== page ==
Design of inhibitors of glycogen phosphorylase: a study of alpha- and beta-C-glucosides and 1-thio-beta-D-glucose compounds.Watson, K.A., Mitchell, E.P., Johnson, L.N., Son, J.C., Bichard, C.J., Orchard, M.G., Fleet, G.W., Oikonomakos, N.G., Leonidas, D.D., Kontou, M., Papageorgioui, A.
(1994) Biochemistry 33: 5745-5758
- PubMed: 8180201
- PubMed Abstract:
- N-Acetyl-Beta-D-Glucopyranosylamine: A Potent T-State Inhibitor of Glycogen Phosphorylase. A Comparison with Alpha-D-Glucose
Oikonomakos, N.G.,Kontou, M.,Zographos, S.E.,Watson, K.A.,Johnson, L.N.,Bichard, C.J.,Fleet, G.W.,Acharya, K.R.
(1995) Protein Sci. 4: 2469
alpha-D-Glucose is a weak inhibitor of glycogen phosphorylase b (Ki = 1.7 mM) and acts as a physiological regulator of hepatic glycogen metabolism. Glucose binds to phosphorylase at the catalytic site and results in a conformational change that stabi ...
alpha-D-Glucose is a weak inhibitor of glycogen phosphorylase b (Ki = 1.7 mM) and acts as a physiological regulator of hepatic glycogen metabolism. Glucose binds to phosphorylase at the catalytic site and results in a conformational change that stabilizes the inactive T state of the enzyme, promoting the action of protein phosphatase 1 and stimulating glycogen synthase. It has been suggested that, in the liver, glucose analogues with greater affinity for glycogen phosphorylase may result in a more effective regulatory agent. Several alpha- and beta-anhydroglucoheptonic acid derivatives and 1-deoxy-1-thio-beta-D-glucose analogues have been synthesized and tested in a series of crystallographic and kinetic binding studies with glycogen phosphorylase. The structural results of the bound enzyme-ligand complexes have been analyzed, together with the resulting affinities, in an effort to understand and exploit the molecular interactions that might give rise to a better inhibitor. This work has shown the following: (i) Similar affinities may be obtained through different sets of interactions. Specifically, in the case of the alpha- and beta-glucose-C-amides, similar Ki's (0.37 and 0.44 mM, respectively) are obtained with the alpha-anomer through interactions from the ligand via water molecules to the protein and with the beta-anomer through direct interaction from the ligand to the protein. Thus, hydrogen bonds through water can contribute binding energy similar to that of hydrogen bonds directly to the protein. (ii) Attempts to improve the inhibition by additional groups did not always lead to the expected result. The addition of nonpolar groups to the alpha-carboxamide resulted in a change in conformation of the pyranose ring from a chair to a skew boat and the consequent loss of favorable hydrogen bonds and increase in the Ki. (iii) The addition of polar groups to the alpha-carboxamide led to compounds with the chair conformation, and in the examples studied, it appears that hydration by a water molecule may provide sufficient stabilization to retain the chair conformation. (iv) The best inhibitor was N-methyl-beta-glucose-C-carboxamide (Ki = 0.16 mM), which showed a 46-fold improvement in Ki from the parent beta-D-glucose. The decrease in Ki may be accounted for by a single hydrogen bond from the amide nitrogen to a main-chain carbonyl oxygen, an increase in entropy through displacement of a water molecule, and favorable van der Waals contacts between the methyl substituent and nonpolar protein residues.(ABSTRACT TRUNCATED AT 250 WORDS)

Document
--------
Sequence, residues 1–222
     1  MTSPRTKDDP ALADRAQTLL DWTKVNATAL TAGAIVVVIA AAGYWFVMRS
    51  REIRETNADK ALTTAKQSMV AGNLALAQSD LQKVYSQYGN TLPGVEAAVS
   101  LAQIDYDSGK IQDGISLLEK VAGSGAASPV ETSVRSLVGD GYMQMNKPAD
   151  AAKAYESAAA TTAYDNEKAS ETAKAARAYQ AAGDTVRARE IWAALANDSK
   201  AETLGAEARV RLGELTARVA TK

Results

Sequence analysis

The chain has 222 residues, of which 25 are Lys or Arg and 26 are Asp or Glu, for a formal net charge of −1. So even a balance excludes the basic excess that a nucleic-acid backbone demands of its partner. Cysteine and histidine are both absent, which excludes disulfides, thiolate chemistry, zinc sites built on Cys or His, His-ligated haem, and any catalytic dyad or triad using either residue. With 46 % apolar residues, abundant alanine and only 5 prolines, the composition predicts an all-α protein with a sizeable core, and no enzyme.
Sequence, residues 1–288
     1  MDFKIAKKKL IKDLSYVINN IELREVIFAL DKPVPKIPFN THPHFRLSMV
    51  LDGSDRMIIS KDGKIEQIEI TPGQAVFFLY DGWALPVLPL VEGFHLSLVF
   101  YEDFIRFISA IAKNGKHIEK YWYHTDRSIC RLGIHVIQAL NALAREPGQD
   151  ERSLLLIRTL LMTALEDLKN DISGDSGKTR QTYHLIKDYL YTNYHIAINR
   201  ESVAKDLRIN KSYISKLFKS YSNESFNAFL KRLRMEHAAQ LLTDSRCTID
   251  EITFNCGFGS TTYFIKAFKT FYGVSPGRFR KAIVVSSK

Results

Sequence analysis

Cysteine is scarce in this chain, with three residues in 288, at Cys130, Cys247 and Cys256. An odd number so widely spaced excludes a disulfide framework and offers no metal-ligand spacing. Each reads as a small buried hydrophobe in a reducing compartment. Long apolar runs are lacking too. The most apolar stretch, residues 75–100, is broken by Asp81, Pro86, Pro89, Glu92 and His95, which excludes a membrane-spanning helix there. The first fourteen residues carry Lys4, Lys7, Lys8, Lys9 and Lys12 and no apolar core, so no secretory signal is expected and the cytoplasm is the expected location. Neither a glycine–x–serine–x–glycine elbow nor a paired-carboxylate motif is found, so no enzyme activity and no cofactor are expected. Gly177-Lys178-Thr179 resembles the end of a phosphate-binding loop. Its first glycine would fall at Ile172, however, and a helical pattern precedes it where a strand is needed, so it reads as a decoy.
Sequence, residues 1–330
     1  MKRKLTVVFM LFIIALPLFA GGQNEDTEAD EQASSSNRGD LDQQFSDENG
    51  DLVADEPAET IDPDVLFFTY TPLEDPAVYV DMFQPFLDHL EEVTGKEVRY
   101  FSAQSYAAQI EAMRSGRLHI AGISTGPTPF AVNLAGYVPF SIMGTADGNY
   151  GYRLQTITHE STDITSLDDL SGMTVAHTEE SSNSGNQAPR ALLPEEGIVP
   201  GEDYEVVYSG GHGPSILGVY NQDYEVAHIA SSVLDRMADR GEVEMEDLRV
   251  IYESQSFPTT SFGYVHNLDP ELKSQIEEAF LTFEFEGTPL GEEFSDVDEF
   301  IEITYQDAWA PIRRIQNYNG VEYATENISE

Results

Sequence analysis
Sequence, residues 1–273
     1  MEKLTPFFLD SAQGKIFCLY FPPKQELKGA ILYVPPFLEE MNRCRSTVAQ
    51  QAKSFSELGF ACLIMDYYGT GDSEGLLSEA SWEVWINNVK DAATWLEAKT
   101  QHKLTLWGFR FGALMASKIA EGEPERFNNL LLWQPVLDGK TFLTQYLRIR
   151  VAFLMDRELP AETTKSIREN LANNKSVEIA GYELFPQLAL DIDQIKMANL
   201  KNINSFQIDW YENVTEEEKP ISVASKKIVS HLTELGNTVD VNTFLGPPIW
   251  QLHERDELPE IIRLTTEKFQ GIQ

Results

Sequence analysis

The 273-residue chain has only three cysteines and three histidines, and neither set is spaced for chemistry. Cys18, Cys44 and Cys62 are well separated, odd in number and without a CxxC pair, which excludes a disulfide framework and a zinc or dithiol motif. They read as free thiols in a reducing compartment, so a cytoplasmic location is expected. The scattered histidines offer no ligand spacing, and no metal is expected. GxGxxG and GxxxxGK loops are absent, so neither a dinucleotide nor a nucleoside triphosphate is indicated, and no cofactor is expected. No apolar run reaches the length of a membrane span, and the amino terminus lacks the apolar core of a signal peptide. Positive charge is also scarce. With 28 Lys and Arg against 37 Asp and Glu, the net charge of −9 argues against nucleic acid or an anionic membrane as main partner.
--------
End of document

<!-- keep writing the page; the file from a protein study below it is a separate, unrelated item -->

Oxford Centre for Molecular Sciences, U.K.